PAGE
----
For nearly 50 years Tiffany's Show Pattaya, a cabaret in eastern Thailand, has been a venue for pageantry and a haven for transgender people, providing jobs, skills and a rare platform during times when gender equality was little understood and far from Thai political debate.
But as Tiffany's marked global Pride Month on June 25 by hosting the world's biggest transgender pageant - Miss International Queen - the wider battle for equality in Thailand has never been closer to being won.
After years of campaigning by LGBTQ activists, Thai lawmakers are considering several bills, some of which could legalize same-sex unions, and in the process make Thailand only the second place in Asia to do so, after Taiwan.
But a Thai parliament stacked with conservative army-aligned politicians stands in their way.
It will ultimately decide which - if any - of the range of bills becomes law.
The most progressive under consideration is the Marriage Equality Bill, which recognizes same-sex marriages and affords legal rights, including adoption and inheritance.
It passed its first reading on June 15 on a wave of public support driven by Thailand's progressive youth.
'Let's wait and see if the bill passes the next readings,' said Kwanlada Rungrojampa, Thailand's representative at Miss International Queen.
'At face value, Thailand may seem like we have gender equality, but legally speaking we do not.'
To change that, the bill must survive committee hearings and two more parliamentary votes. There are concerns a watered-down version - called the Civil Partnership bill - may emerge in its place.
Sponsored by the government of Prayuth Chan-O-Cha, who draws his support mainly from older, conservative forces tied to the establishment, that bill's wording allows for civil unions but stops short of the full rights protected by marriage.
'The majority of lawmakers are seniors, so any changes are difficult to make ... they are the generation of change-resistors,' said Alisa Phantusak, whose father established Tiffany's as a leading Pattaya tourist attraction in 1974.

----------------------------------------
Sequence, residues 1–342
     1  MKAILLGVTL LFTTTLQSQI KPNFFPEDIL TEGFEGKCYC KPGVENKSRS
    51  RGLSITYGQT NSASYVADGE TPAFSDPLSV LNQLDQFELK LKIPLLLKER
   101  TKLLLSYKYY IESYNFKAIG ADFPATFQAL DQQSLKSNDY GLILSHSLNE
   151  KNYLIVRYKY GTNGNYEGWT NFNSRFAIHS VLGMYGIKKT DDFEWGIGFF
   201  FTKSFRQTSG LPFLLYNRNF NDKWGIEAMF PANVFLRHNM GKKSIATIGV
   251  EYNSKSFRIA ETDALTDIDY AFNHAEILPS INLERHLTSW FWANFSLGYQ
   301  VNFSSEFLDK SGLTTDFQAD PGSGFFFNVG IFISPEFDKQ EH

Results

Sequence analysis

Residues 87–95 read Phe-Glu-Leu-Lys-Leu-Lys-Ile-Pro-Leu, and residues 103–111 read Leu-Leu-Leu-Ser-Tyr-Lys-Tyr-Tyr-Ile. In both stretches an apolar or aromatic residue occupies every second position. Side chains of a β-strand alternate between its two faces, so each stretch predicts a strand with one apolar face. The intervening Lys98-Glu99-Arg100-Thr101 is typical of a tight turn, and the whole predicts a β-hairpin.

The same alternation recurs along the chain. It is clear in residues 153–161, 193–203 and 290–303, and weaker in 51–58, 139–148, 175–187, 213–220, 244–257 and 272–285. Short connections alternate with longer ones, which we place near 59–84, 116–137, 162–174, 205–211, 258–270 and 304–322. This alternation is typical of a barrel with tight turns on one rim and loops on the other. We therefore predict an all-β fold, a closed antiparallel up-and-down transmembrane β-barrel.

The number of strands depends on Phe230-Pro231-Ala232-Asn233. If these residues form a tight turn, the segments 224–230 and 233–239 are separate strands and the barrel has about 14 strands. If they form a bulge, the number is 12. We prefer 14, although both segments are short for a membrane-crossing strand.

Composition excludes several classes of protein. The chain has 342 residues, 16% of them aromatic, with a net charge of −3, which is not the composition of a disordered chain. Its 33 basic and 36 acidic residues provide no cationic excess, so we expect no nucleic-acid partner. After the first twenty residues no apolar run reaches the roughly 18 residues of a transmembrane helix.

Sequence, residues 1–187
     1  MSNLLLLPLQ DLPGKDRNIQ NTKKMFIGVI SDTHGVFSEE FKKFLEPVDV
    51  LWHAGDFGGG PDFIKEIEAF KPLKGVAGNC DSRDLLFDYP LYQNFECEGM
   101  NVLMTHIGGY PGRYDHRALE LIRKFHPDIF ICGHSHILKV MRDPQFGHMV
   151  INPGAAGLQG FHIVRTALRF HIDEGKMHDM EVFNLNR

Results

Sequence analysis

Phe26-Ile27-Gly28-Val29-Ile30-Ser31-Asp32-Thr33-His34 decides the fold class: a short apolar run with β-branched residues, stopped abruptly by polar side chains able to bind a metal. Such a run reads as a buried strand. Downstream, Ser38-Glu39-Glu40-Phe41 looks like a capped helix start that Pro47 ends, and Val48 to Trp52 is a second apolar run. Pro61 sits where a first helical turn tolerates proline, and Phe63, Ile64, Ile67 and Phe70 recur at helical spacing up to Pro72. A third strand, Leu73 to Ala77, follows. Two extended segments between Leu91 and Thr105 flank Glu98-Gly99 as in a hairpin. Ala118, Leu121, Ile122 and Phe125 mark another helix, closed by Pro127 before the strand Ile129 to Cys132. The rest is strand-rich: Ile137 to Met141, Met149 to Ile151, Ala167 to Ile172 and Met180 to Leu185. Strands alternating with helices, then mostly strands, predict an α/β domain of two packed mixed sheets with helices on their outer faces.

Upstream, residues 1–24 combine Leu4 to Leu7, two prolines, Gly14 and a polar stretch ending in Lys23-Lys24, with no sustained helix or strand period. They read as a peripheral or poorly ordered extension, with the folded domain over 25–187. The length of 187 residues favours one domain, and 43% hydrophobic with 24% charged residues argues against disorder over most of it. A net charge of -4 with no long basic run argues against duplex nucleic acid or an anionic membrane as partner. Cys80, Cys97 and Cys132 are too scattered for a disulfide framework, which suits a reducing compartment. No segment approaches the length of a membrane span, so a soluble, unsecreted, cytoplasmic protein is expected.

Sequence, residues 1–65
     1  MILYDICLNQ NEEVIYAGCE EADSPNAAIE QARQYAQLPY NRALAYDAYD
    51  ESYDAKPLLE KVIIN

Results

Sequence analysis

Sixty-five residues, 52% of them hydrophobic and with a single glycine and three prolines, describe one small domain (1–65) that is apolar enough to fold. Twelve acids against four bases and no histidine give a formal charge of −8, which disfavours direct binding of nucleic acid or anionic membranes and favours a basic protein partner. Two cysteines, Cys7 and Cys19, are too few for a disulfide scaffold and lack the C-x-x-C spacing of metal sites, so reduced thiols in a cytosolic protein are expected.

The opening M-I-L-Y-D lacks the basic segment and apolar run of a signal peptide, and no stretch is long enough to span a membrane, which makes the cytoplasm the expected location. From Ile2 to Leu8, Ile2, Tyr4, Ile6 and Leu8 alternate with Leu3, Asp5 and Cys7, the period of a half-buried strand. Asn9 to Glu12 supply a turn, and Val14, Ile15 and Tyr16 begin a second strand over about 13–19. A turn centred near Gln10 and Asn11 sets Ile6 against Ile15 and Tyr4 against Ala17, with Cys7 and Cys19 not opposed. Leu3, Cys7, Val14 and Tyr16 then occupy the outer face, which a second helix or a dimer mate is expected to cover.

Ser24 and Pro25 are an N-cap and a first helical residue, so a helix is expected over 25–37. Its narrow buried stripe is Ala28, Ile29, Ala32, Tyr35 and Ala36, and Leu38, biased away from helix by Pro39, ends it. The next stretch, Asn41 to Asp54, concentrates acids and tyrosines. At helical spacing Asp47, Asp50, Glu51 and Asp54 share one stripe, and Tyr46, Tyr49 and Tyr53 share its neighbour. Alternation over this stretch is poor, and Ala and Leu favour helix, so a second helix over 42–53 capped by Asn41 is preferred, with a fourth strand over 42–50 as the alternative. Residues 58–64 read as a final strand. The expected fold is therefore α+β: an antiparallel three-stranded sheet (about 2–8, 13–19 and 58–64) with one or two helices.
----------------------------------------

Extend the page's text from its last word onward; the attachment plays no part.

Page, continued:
'This law shouldn't be hard to pass. The bottom line is very simple - equality.'
FILE - Contestant Tiffany Coleman of Nicaragua competes during the Miss International Queen 2019 transgender beauty pageant in Pattaya, Thailand, on March 8, 2019.
'This is it'
After years of false starts on gender rights and equality in the kingdom, there is widespread concern that any law that finally makes it onto the statute books will fail to significantly move the dial.
'Conservatives are still very worried about how it might affect religious groups as well as the pre-existing social expectations upheld by heterosexual couples,' said Kath Khangpaiboon, an academic at Bangkok's Thammasat University and a long-time gender equality advocate.
Ultimately, political timing may hold the keys, she said, explaining Prayuth's widespread unpopularity may lead him to feed his conservative political base rather than move with the moment.
'Thanks to the vibrant social movement during Pride Month, parliament may have felt the pressure to pass the first reading of the Marriage Equality Bill,' Kath said.
'But let's not forget that the Prayuth government is on their way out in terms of reputation... and a general election is just around the corner.'
On Saturday night (June 25) Miss Philippines Fuschia Anne Ravena won the Miss International Crown from contestants from as far apart as Puerto Rico and Laos, Japan and India.
But away from the glamour, the contestants shared stories of discrimination from their countries - as well as hope for a world moving slowly, if patchily, towards greater recognition of their gender.
'(In Honduras) You cannot be free.... you are judged, you don't have the right to have a job, to decent healthcare, to study,' said Luciana Romero, representing Honduras.
'That is why I live in the United States. I am free there...it has given me that space, it has given me love, it has given me understanding.'
For Catalina Cabella, a full-time nurse who works in Manhattan, the chance to compete (as Miss USA) is a sign of how fast societies in some countries are moving - often leaving the law struggling to catch up.
'We're getting the spotlight and we have a chance to share some really big messages that could possibly change the perspective of our peers,' she said, describing pageantry as another part of her 'humanitarian mission' alongside nursing.
'This is it...we're here,' she said.